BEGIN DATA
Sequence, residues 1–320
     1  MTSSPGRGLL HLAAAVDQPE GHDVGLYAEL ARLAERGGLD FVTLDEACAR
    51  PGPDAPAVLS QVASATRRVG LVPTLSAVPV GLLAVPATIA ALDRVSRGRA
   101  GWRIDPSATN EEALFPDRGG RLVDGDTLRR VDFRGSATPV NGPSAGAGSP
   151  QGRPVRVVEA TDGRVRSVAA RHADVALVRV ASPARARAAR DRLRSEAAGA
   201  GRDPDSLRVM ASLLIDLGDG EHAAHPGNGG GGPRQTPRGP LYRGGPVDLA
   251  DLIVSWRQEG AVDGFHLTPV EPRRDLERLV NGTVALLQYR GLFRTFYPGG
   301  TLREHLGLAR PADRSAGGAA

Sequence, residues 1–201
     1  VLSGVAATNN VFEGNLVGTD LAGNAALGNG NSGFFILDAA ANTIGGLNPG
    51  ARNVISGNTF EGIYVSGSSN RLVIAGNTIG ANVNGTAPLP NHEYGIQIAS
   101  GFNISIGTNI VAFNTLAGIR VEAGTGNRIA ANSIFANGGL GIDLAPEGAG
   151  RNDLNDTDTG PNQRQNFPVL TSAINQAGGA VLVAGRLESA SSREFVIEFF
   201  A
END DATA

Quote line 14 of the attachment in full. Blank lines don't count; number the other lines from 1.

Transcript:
   201  A